KINGSTON, R.I., Aug. 27, 2015 – Use the active voice. Keep it simple. Eliminate jargon. Sound like tips you’d hear in a journalism class? Guess again.
This fall, graduate students in science at the University of Rhode Island will be getting that advice as they hone their writing skills to make them better communicators.
URI has received a $500,000 grant from the National Science Foundation to create a writing program for graduate students in the sciences, with workshops and classes starting in September. A Graduate Science Writing Center will open later in the year.
The URI program is one of many emerging at colleges and universities throughout the country to help young scientists translate complex ideas into prose that the average person can understand.
Research is as important as ever. But now science is influencing public policy and political decisions, making it critical that scientists convey their ideas clearly. Scientists also need to know how to write well to get grants and write research papers.
“URI is leading the way to help science students become better writers, and that’s crucial in today’s swiftly changing world,” says Nedra Reynolds, a professor of writing and rhetoric who helped write the grant. “So much public policy, from climate change to sustainable farming, requires clear and effective writing accessible not only to academics, but also to the public.”
The training in writing will be grounded in rhetoric, a field that focuses on the persuasive power of language and includes studies of argument, public discourse and civic engagement.
Students will write frequently to become more comfortable with writing. They will write for other scientists and academics, as well as newspapers, magazines, nonprofit groups and websites. And their work will be reviewed in small groups and one-on-one sessions at the science writing center, expected to be in the College of the Environment and Life Sciences.
Science professors will also incorporate more writing in their classes at an earlier date. For example, a first-year graduate student in biology might take a class called “Graduate Writing in the Life Sciences.” Faculty will also encourage students to write for non-academic publications and create science posters.
“This is a new and innovative way to train science writers in graduate education,” says Reynolds. “Our goal is to send outstanding science writers into the world – for research and non-research jobs.”
Clear science writing could be as simple as explaining a CT scan (a computed tomography scan that takes X-rays from various angles and combines them to create cross-sectional images) or why excessive nutrients like nitrogen and phosphorus can harm Narragansett Bay. Good writing can also convey a sense of wonder about the universe and inspire people to take action on pressing environmental issues like climate change.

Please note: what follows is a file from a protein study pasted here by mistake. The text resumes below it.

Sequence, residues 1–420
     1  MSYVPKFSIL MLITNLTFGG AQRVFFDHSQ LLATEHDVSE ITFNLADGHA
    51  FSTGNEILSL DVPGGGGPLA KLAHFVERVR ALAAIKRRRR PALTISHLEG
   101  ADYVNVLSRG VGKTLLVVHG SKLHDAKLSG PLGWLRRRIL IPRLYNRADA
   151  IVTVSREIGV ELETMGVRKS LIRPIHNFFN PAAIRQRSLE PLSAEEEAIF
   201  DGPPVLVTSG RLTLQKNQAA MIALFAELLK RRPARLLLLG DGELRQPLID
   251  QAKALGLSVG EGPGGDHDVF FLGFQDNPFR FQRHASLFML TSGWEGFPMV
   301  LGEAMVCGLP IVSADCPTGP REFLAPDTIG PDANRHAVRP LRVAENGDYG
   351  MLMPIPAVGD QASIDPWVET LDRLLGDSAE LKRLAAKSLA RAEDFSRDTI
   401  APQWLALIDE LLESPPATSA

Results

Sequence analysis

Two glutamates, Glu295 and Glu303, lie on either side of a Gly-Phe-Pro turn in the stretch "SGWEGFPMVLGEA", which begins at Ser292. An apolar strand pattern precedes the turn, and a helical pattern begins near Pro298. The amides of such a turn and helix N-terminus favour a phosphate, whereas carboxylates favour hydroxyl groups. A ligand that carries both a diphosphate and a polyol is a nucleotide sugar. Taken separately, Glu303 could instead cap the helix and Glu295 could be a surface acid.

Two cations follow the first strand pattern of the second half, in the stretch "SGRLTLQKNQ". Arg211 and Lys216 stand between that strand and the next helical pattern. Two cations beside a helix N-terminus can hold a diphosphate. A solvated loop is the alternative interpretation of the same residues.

The grant, “Science Writing and Rhetorical Training: A New Model for Developing Graduate Science Writers,” was a team effort by faculty in the Harrington School of Communication and Media and the College of the Environment and Life Sciences. Professors from these departments will teach courses and run workshops.
Ingrid Lofgren, an associate professor and graduate coordinator in the department of nutrition and food sciences, is the lead principal investigator. In addition to Reynolds, co-principal investigators are: Caroline Gottschalk Druschke, an assistant professor of writing and rhetoric; Scott McWilliams, a professor of wildlife ecology and physiology; and Nancy Karraker, an assistant professor of wetland ecology and herpetology.
“I am really excited about the strong, interdisciplinary team working on this project,” says Lofgren.” It will be indispensable for the innovative work we proposed.”
“This is a highly competitive grant, and we are proud of our Harrington School of Communication and Media faculty for being awarded this prestigious honor,” says Adam Roth, interim director of the Harrington School of Communication and Media. “Professors Reynolds and Gottschalk Druschke are top-notch scholars and their research project promises to yield important results for the future of science communication theory and practice.”
Nedra Reynolds, writing and rhetoric professor at the University of Rhode Island.
Ingrid Lofgren, an associate professor and graduate coordinator in the department of nutrition and food sciences.
Photos courtesy of URI.